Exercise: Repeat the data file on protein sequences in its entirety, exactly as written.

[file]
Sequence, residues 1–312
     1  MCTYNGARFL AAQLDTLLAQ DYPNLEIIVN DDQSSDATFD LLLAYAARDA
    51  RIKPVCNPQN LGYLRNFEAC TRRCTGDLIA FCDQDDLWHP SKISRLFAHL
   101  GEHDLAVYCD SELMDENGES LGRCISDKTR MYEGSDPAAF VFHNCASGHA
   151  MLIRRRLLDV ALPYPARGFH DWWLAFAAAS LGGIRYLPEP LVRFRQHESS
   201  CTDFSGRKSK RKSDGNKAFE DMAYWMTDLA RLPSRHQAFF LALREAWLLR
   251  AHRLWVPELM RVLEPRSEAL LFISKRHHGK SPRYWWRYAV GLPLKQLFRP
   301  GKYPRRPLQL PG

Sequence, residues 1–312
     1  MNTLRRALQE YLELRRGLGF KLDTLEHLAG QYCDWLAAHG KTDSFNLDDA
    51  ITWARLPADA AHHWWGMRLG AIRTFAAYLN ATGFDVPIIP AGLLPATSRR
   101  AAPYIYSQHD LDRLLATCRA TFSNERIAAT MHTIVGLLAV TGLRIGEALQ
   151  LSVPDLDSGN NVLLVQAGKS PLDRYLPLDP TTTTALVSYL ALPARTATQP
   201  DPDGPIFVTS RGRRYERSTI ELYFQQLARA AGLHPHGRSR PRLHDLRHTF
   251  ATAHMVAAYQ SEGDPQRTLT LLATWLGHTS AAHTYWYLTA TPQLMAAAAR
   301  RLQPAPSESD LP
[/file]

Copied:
Sequence, residues 1–312
     1  MCTYNGARFL AAQLDTLLAQ DYPNLEIIVN DDQSSDATFD LLLAYAARDA
    51  RIKPVCNPQN LGYLRNFEAC TRRCTGDLIA FCDQDDLWHP SKISRLFAHL
   101  GEHDLAVYCD SELMDENGES LGRCISDKTR MYEGSDPAAF VFHNCASGHA
   151  MLIRRRLLDV ALPYPARGFH DWWLAFAAAS LGGIRYLPEP LVRFRQHESS
   201  CTDFSGRKSK RKSDGNKAFE DMAYWMTDLA RLPSRHQAFF LALREAWLLR
   251  AHRLWVPELM RVLEPRSEAL LFISKRHHGK SPRYWWRYAV GLPLKQLFRP
   301  GKYPRRPLQL PG

Sequence, residues 1–312
     1  MNTLRRALQE YLELRRGLGF KLDTLEHLAG QYCDWLAAHG KTDSFNLDDA
    51  ITWARLPADA AHHWWGMRLG AIRTFAAYLN ATGFDVPIIP AGLLPATSRR
   101  AAPYIYSQHD LDRLLATCRA TFSNERIAAT MHTIVGLLAV TGLRIGEALQ
   151  LSVPDLDSGN NVLLVQAGKS PLDRYLPLDP TTTTALVSYL ALPARTATQP
   201  DPDGPIFVTS RGRRYERSTI ELYFQQLARA AGLHPHGRSR PRLHDLRHTF
   251  ATAHMVAAYQ SEGDPQRTLT LLATWLGHTS AAHTYWYLTA TPQLMAAAAR
   301  RLQPAPSESD LP